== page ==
• "If you correct me on an error that I have made, you are implicitly accepting the fact that it would be better for me to correct my error. Your preference for me to correct my error is not subjective, but objective, and universal." Essentially, the author is appealing to the reader for agreement. This is dangerous, since all an opponent has to do to reject your entire argument is say "In my belief system, I don't care if you're in error." Also, what is "better"? (I'll raise that again in a second.)

  • In the end, th is is just a restatement of axiom 2, with an addition of the concept of "Truth". To quote Pilate, "Quid est veritas?" Again, I have to accept axiom 5, but much philosophical debate of the last 5 millennia has been about trying to prove 5, and it's still up for debate.

  • There is a subtle fallacy of definition here. Better and best are just degrees of "good". What does the author mean by good/better/best? If it's moral, then you've begged the question again. If it's useful, then UPB is just another utilitarian system. If good just means preferable, then you're open to "you may prefer truth, but I prefer not to tell the truth sometimes".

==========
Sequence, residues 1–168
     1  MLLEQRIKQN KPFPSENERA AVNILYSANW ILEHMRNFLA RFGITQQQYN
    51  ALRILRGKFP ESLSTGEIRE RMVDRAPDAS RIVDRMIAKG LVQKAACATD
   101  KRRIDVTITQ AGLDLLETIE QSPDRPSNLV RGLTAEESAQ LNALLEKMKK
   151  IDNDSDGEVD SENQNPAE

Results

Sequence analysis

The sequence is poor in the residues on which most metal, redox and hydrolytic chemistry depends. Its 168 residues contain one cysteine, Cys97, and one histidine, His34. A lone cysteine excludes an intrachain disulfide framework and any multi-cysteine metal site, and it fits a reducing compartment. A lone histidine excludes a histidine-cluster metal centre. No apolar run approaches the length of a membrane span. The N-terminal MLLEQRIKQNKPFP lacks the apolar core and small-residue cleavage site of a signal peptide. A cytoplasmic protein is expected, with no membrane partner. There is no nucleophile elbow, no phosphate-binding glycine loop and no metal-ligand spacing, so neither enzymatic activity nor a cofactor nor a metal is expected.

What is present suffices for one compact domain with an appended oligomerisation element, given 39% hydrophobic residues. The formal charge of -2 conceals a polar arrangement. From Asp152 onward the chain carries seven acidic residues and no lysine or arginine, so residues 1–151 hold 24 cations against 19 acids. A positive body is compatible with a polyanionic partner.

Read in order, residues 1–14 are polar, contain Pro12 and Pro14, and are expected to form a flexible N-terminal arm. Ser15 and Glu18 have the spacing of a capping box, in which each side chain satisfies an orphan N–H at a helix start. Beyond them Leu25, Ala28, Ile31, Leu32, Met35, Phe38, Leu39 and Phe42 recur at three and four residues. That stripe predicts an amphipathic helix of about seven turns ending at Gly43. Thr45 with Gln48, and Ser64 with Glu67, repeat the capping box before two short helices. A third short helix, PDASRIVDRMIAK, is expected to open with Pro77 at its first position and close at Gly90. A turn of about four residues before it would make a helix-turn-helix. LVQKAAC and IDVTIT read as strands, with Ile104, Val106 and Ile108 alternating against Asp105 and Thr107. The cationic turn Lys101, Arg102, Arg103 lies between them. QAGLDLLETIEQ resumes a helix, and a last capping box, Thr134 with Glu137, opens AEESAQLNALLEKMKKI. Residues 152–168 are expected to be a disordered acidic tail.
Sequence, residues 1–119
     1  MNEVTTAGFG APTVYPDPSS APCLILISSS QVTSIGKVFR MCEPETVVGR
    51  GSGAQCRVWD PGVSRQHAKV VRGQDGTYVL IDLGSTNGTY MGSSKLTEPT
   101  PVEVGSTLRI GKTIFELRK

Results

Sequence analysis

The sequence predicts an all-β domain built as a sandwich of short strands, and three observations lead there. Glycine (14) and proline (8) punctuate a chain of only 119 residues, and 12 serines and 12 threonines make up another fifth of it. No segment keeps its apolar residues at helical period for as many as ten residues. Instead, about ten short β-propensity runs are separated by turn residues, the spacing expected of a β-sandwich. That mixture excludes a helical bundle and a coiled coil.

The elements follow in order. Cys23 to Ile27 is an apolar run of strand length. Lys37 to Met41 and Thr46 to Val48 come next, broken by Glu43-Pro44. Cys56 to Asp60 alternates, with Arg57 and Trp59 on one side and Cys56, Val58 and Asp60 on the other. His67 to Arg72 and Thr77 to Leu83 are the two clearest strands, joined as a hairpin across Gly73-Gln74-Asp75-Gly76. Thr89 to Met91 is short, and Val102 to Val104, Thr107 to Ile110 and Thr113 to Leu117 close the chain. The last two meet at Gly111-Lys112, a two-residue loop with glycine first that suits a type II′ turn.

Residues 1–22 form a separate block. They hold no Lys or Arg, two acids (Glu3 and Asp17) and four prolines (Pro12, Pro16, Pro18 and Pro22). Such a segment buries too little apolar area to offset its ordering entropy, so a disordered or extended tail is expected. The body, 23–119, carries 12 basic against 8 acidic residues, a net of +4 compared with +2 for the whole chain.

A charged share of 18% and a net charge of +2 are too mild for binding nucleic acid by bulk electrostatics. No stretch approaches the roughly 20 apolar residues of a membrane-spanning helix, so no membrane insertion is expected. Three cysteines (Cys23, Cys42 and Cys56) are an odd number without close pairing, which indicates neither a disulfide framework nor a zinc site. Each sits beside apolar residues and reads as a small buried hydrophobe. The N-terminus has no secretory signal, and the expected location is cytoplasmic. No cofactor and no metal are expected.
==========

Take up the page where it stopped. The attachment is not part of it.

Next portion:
• This is a fallacy of definition, with two different meanings of "responsible" mashed together. First, it assumes free will. It is entirely possible for me to posit this argument without free will. My biological computer program, faced with an input set that drives it through a super-complex steady state tree, drives my hands to type out this post. I am no more "responsible" than the first Intel Pentium was "responsible" for rounding errors in the floating point unit.

    The second meaning is "morally liable". Again, why? I thought that this was what was to be proven...

The author is unconsciously talking to Christian moralists. Christians or atheists who have consciously or unconsciously accepted Judeo-Christian morals will accept all 8 axioms because they believe them already. People who reject Judeo-Christian morals will reject many, if not most, of these axioms. Fundamentally, axiom 0 is "there are morals", and that's what he's trying to prove.

And no, I'm not being a hypocrite at stopping at the axioms. Without the axioms, the rest of the argument can't hold, and I can s top now.

I am NOT impressed.